Schizosaccharomyces pombe kinesin-5 switches direction using a steric blocking mechanism.Britto, M., Goulet, A., Rizvi, S., von Loeffelholz, O., Moores, C.A., Cross, R.A.
(2016) Proc Natl Acad Sci U S A 113: E7483-E7489
- PubMed: 27834216
- DOI: 10.1073/pnas.1611581113
- Structures With Same Primary Citation
- PubMed Abstract:
Cut7, the sole kinesin-5 in Schizosaccharomyces pombe, is essential for mitosis. Like other yeast kinesin-5 motors, Cut7 can reverse its stepping direction, by mechanisms that are currently unclear. Here we show that for full-length Cut7, the key det ...
Cut7, the sole kinesin-5 in Schizosaccharomyces pombe, is essential for mitosis. Like other yeast kinesin-5 motors, Cut7 can reverse its stepping direction, by mechanisms that are currently unclear. Here we show that for full-length Cut7, the key determinant of stepping direction is the degree of motor crowding on the microtubule lattice, with greater crowding converting the motor from minus end-directed to plus end-directed stepping. To explain how high Cut7 occupancy causes this reversal, we postulate a simple proximity sensing mechanism that operates via steric blocking. We propose that the minus end-directed stepping action of Cut7 is selectively inhibited by collisions with neighbors under crowded conditions, whereas its plus end-directed action, being less space-hungry, is not. In support of this idea, we show that the direction of Cut7-driven microtubule sliding can be reversed by crowding it with non-Cut7 proteins. Thus, crowding by either dynein microtubule binding domain or Klp2, a kinesin-14, converts Cut7 from net minus end-directed to net plus end-directed stepping. Biochemical assays confirm that the Cut7 N terminus increases Cut7 occupancy by binding directly to microtubules. Direct observation by cryoEM reveals that this occupancy-enhancing N-terminal domain is partially ordered. Overall, our data point to a steric blocking mechanism for directional reversal through which collisions of Cut7 motor domains with their neighbors inhibit their minus end-directed stepping action, but not their plus end-directed stepping action. Our model can potentially reconcile a number of previous, apparently conflicting, observations and proposals for the reversal mechanism of yeast kinesins-5.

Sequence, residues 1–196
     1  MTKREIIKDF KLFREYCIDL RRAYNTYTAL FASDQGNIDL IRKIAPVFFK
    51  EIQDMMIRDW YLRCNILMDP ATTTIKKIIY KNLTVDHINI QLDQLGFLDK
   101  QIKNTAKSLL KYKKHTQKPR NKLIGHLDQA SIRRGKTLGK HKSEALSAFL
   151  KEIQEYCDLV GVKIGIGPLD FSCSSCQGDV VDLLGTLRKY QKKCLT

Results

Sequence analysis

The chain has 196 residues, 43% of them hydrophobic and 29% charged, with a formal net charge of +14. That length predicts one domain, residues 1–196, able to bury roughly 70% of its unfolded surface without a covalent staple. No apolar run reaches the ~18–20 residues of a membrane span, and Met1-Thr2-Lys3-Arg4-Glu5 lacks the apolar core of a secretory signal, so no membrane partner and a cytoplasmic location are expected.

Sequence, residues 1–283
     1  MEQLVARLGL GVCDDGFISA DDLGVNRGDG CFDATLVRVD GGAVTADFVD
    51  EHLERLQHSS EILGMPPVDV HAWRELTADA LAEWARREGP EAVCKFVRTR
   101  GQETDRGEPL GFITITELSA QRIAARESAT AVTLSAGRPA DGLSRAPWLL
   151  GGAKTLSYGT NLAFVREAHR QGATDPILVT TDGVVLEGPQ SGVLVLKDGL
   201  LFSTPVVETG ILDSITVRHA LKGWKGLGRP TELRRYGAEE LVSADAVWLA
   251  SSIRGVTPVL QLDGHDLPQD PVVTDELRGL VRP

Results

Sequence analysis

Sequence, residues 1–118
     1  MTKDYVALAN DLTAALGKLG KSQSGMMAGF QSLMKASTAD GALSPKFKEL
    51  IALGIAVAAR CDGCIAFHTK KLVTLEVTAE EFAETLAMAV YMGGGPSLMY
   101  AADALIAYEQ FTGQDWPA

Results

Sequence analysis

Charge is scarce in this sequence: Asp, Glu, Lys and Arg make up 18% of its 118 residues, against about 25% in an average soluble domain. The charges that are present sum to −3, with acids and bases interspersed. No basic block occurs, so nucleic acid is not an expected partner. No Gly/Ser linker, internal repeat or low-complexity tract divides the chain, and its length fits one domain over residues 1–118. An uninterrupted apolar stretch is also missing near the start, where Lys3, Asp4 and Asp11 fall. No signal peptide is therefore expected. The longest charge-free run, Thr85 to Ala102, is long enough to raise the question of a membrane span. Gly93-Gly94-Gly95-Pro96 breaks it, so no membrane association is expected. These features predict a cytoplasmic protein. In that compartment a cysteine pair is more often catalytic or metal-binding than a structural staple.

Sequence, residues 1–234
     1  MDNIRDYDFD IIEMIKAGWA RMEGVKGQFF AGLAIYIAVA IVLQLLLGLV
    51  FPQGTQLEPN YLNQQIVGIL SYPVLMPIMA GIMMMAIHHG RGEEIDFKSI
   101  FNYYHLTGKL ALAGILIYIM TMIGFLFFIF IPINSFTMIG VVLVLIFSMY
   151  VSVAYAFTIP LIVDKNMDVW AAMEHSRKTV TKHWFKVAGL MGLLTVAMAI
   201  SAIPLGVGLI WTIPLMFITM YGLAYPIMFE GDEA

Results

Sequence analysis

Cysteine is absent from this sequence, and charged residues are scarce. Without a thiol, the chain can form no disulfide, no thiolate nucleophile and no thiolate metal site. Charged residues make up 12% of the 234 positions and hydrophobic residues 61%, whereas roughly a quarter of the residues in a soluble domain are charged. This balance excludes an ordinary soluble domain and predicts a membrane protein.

Centre for Mechanochemical Cell Biology, Warwick Medical School, University of Warwick, Coventry CV4 7AL, United Kingdom; email@example.com.